Guest post by Lytton John Musselman
“A book is never, ever finished, only interrupted by publication,” my friend Garrison Keillor wrote me in response to my query about his forthcoming book deadline. The Quick Guide to Wild Edible Plants is unfinished, though I am thankful it was interrupted by publication.
Writing a book on a topic you love with an enthusiastic colleague and an outstanding press is very rewarding. I especially enjoy the final editing stage—changing this “which” to a “that” and that “that” to a “which.” Then seeing the page proofs and finally weighing the book in your hands—the stiff cover, the distinct smell. It’s all good, and gives a reality to a project you have worked on for decades. But the reality is that the book is unfinished simply because so much more could be added. Reviewing, revising, and reviewing the revisions is a great way to know content even better and realize afresh how much there is to learn.
My coauthor, Harold J. Wiggins, and I limited the amount of information in our book. We conceived the manuscript as a sort of combination of botanical Cliffs Notes and Food Network recipes, where the user would have simple but adequate information ensuring the leafy greens steaming in the pot were not Poison Hemlock and that a palatable—contra delectable—food could be quickly prepared with a minimum of non-wild elements. We met this combination; but the project is unfinished.
There is so much more that could be added based on continuing research and experimentation. For example, the Native American preference for hickory nuts (certain species of the genus Carya) over black walnuts (Juglans nigra) always puzzled me because of the smaller size of hickory nuts and the difficulty of extricating the nutmeat compared to the larger, meatier black walnut. The reason for this preference is the nature of the different nuts’ stony wall. The wall of the black walnut is furrowed and pitted, while the wall of the hickory nut is smooth. When hickory nuts are smashed and then put in water, the nutmeat is easily retrieved, while it is difficult to remove black walnut from the rough surface of shell fragments. In light of this, a future volume of our book should include the abundant, easily identified hickory nuts. Several additional starch sources, along with greens, could be included, but at the cost of added pages. Publication interrupted the book, but new plants and new recipes continue.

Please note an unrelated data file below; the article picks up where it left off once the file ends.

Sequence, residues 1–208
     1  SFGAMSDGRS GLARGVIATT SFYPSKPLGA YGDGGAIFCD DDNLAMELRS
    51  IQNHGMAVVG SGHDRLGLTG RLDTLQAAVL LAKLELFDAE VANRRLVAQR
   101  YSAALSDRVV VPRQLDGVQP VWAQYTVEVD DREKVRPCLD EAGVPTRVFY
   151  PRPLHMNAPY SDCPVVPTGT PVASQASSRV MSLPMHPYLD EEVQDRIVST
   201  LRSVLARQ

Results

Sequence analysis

While I have no plans for another edible plants book, I continue to collect, eat, and experiment with wild plants from Eastern North America and elsewhere. I am working on a volume for preparing cordials and aperitifs (also known as bitters) from native plants. We included a few such recipes in The Quick Guide, but the whole area of preparing these (usually) tasty brews from native plants has received remarkably little attention despite a renewed curiosity in wild edibles and an increased interest in bitters and plants used to make alcoholic drinks, as such books as Bitters and Drunken Botanist attest.
I am heartened by the positive and constructive comments on the book even before its publication. Feedback seems an appropriate term for a book on edibles, and a balanced diet of sweet and savory criticism is healthy.
Lytton John Musselman is the Mary Payne Hogan Professor of Botany in the Department of Biological Sciences at Old Dominion University in Norfolk, Virginia. He is coeditor and author of several books, including Plants of the Chesapeake Bay: A Guide to Wildflowers, Grasses, Aquatic Vegetation, Trees, Shrubs, and Other Flora.